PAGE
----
Bafptist, oil painting), Mr. William B. Closson (wood engraving, Winifred Dysart, after George Fuller), and F. Juengling (wood engraving, The Old Professor, after Frank Duveneck). Both of these engravings were exe cuted for the AMERICAN ART REVIEW.

ROYAL ACADEMY, LONDON. - The fact that the Acad emy at its present exlhibition has for the first time since its organization admitted a wood engraving, is considerably remarked upon. Curiously enough, the engraver tlhus dis tinguished is a Frenchman, M. Albert Bellanger. As his subject is The Mutsic Lesson, by Sir Frederick Leighton, the President of the Academy, the suspicion is warranted that the painter was honored rather than the engraver, and that the Academy is still insensible to the claims of wood engraving as an art, altlhough England is the country in which it received its first impetus towards its present per fection. Of prominent American artists, Mr. Boughlton is represented by four contributions, I/ester Prynzne, Scheve ningen - HoIland, Kit/v (a portrait), and A Dea d City of thie Zzuyder Zee, and eaclh of the following by one -Mr.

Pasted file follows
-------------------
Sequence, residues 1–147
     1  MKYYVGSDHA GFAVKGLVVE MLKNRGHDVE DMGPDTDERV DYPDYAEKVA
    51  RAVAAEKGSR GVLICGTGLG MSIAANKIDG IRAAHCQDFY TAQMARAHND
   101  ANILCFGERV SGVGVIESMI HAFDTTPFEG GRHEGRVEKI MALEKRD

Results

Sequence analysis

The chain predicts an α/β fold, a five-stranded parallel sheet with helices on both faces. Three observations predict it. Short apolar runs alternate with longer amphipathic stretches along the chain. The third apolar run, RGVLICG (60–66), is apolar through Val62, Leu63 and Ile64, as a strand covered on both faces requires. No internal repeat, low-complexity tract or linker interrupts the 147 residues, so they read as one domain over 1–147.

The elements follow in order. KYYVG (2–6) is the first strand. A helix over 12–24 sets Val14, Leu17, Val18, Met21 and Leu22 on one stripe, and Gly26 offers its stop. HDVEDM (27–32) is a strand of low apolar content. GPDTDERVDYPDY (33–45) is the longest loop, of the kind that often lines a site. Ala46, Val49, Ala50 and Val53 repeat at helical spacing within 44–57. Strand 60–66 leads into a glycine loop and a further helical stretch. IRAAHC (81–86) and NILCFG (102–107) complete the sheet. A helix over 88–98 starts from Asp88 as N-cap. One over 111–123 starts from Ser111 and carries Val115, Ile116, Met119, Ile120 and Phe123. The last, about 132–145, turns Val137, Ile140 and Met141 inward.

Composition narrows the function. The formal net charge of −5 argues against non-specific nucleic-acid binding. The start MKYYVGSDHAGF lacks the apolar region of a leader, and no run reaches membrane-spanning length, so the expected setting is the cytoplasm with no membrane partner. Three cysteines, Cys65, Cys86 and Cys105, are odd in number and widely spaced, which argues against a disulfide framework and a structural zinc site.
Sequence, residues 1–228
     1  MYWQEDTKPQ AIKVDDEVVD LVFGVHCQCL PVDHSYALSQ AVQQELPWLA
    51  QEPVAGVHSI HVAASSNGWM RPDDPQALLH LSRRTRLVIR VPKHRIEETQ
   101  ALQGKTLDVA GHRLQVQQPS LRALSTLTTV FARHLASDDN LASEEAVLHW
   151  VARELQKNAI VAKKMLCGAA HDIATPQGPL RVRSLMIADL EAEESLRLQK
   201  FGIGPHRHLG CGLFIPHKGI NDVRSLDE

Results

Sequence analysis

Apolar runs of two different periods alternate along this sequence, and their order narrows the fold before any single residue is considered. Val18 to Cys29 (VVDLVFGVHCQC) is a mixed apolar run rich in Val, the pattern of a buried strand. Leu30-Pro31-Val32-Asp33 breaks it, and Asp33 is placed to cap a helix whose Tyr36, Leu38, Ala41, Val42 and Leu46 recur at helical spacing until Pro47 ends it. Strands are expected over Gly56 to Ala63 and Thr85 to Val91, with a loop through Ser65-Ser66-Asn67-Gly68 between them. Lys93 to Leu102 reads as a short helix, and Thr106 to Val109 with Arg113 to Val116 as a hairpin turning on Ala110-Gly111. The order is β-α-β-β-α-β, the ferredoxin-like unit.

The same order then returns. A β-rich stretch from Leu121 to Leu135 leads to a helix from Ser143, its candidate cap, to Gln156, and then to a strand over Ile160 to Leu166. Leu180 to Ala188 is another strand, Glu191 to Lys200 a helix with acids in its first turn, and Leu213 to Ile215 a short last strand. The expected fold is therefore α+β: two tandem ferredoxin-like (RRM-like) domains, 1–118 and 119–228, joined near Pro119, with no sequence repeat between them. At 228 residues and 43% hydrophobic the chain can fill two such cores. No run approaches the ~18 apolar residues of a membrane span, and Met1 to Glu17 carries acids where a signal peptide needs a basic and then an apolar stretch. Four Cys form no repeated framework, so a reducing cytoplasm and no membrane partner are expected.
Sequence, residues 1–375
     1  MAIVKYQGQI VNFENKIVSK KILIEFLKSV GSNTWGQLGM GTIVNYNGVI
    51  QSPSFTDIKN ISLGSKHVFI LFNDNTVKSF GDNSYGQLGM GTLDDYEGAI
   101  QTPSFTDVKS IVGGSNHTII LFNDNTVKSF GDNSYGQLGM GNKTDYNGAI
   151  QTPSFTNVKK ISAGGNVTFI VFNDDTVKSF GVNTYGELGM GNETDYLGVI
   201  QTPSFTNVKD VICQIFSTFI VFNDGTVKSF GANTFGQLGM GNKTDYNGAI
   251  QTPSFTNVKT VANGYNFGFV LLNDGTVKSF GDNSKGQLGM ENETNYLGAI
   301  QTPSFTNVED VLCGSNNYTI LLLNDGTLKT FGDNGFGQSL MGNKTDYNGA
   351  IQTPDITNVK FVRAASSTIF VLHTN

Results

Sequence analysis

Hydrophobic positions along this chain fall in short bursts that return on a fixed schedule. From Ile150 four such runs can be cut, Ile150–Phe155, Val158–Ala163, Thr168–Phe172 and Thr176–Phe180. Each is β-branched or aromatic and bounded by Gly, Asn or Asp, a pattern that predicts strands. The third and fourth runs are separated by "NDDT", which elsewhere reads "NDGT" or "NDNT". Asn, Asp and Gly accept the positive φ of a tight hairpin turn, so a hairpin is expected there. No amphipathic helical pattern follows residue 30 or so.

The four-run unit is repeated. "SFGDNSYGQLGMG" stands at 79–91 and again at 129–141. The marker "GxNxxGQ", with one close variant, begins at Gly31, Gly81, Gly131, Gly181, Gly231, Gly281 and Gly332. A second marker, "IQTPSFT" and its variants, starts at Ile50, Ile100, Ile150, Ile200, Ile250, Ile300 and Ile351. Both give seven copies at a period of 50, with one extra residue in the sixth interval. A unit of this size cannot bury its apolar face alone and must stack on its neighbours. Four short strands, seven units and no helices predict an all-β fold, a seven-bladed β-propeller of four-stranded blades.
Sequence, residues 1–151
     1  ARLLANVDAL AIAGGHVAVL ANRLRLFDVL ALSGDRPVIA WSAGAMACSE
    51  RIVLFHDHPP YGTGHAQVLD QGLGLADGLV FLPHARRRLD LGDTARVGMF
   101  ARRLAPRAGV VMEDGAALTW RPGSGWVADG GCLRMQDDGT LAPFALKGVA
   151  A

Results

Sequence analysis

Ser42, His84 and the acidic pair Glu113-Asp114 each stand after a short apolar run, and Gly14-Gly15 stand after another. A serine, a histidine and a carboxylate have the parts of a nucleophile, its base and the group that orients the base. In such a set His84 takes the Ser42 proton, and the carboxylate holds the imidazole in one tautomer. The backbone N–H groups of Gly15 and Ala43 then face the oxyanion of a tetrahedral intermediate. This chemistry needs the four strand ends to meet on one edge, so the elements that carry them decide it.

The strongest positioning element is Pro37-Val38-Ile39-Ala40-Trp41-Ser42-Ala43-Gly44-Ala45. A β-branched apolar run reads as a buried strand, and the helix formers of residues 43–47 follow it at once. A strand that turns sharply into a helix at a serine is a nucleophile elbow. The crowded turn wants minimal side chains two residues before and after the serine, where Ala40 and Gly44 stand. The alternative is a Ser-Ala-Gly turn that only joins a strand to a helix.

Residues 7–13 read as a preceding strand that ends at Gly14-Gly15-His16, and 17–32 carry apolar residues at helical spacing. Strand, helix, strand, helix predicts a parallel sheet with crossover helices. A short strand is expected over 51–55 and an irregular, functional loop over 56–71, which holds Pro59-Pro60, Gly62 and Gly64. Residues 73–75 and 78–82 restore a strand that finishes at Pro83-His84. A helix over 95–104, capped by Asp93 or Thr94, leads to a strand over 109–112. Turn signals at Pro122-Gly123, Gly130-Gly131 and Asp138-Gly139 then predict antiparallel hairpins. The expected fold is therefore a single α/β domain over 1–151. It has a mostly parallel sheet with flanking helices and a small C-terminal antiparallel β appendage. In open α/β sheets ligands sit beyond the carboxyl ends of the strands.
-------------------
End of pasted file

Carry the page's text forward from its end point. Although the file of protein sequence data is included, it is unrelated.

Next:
Bridgman, Burial of a Mumminy; Mr. Mark Fislher, Ailk i?zg Timiie; Mr. R. Swain Gifford, The Coast of New Eng lantd; Mrs. Anna Lea Merritt, Thte Little Quazkeress; and

Mr. Walter Shirlaw, Cares Forgo ten. GROSVENOR GALLERY, LONDON. -The Summer Exlhi

bition at the Grosvenor Gallery contained 325 oil paintings, water-colors, and sculptures. The following Arnerican artists were among the exhibitors- Eugene Benson,

Mountain Torrent; G. H. Boughton, Rose Stantdish, and Thle Island of Murlet, zuyder Zee; Mark Fisher, Sprinig in a Normnandy Orchard, The Melancholy Days, and

A'fa'guerites (a figure piece); W. J. Hennessy, A Straw Harvest, Calvados; Mrs. A. L. Merritt, Lunta; R. C. Minor, Evenzing; H. R. Newman, Shielley's House, near Spezzia; and J. M. Whistler, Miss Alexander, "a hiar mony in gray and green." Of the I9I names of artists given in the catalogue, 53 figure also in the catalogue of the Royal Academy.